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Les Dolomies

Céline & Steve Gormally live in the village of Passenans, in the Jura. Their house backs directly onto a vegetable garden where their donkeys and ducks also live. They farm their Savagnin, Chardonnay, Pinot, Poulsard & Trousseau according to biodynamic & permaculture principles and make wine with minimal intervention.

LITTLEWINE visited Les Dolomies during harvest 2020

"Having different elements such as trees and a pond attract different insects and birds – another type of fauna and flora – which improves the diversity of the ecosystem."

People:  Céline & Steve Gormally

Place:  Jura, France

Varieties:  Savagnin, Chardonnay, Poulsard, Trousseau, Gamay, Pinot Noir

Hectares:  5.5 

Farming:  Biodynamic & Permaculture

Did You Know? When it comes to replanting vineyards, they are now doing so with principles of agroforestry. When replanting a 0.25-hectare section of their parcel, Les Boutonnieres, they will keep a 10-metre row to plant with fruit trees, with the aim of avoiding an overly monocultural system. They will seek advice from a friend who runs a local tree nursery, La Pépinière d'ici et d'ailleurs, which works with several rare and old species of fruit trees.

They apply biodynamic teas, and they make the stinging nettle preparation themselves, but their particular passion is working with animals. This began with their donkeys, which they harvest with. Next came fifty chickens. These weren’t just chickens for the purpose of eggs, meat and fertiliser, but rather Céline and Steve had a very specific job in mind for them: curing their budworm problem in the Chardonnay parcel, La Chaux.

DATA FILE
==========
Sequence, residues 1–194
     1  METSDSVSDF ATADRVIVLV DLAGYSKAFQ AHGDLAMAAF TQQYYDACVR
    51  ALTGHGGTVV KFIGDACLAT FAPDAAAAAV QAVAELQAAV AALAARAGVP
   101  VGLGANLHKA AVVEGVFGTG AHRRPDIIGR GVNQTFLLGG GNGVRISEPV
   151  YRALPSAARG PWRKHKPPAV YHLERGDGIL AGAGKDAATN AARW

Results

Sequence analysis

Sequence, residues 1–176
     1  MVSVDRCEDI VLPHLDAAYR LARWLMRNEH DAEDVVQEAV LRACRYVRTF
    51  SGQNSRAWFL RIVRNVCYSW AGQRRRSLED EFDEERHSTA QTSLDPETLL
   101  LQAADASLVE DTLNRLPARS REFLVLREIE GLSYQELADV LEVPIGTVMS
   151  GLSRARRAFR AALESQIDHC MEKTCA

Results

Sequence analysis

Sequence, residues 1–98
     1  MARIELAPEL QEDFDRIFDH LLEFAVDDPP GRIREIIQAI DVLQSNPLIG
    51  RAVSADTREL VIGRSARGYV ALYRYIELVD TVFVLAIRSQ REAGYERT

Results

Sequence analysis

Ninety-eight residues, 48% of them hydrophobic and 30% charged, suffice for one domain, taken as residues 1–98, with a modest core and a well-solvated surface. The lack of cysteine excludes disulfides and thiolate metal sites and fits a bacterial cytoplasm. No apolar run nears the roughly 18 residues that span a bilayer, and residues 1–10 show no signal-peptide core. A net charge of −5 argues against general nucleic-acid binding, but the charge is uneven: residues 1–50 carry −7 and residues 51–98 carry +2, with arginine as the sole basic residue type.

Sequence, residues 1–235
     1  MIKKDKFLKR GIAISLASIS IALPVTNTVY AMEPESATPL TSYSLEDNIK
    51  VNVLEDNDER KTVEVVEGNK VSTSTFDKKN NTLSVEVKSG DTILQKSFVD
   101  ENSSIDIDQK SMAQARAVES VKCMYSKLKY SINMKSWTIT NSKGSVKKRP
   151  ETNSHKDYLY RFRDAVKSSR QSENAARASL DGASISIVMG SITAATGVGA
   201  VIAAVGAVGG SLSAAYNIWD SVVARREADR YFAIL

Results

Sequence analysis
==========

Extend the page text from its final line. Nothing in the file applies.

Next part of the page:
Budworms are a type of caterpillar that develop before harvest, attacking the grapes and making holes in them, which leads to various types of rot developing. It can be hugely damaging, and Céline and Steve had always struggled with it in one parcel. After analysing the lifecycle of the budworm, they realised that they nest in the wood of the vines over winter. What’s more, they discovered that budworm is ideal chicken food. So, they decided to release the chickens into the vineyard after harvest, before nesting season began, and it worked! This year, they have had no budworms at all. 

Three goats also joined the crew. They are released into the trickiest to farm vineyards over winter – those where there’s a lot of grass and which can’t be worked by tractor – Les Combes in particular. 

Next year, they will buy sixty more chickens together with a friend, to put in the vineyards again, as well as for meat production. They also have their eyes on getting a few pigs, as they have a winemaker friend who has successfully introduced pigs to vineyards. Céline will also take a draft horse training course with a friend, with the end goal of working some of their vineyards by horse and plough.

“We really believe in the importance of integrating animals into the vineyards. We want to bring diversity to the vines, and animals are a form of culture. They help us to break the monocultural mould of a vineyard.” 

"We have many birds that nest in our vineyards; we see the eggs, the fledglings, every step. That’s why we keep the grasses high late into the season, as this...

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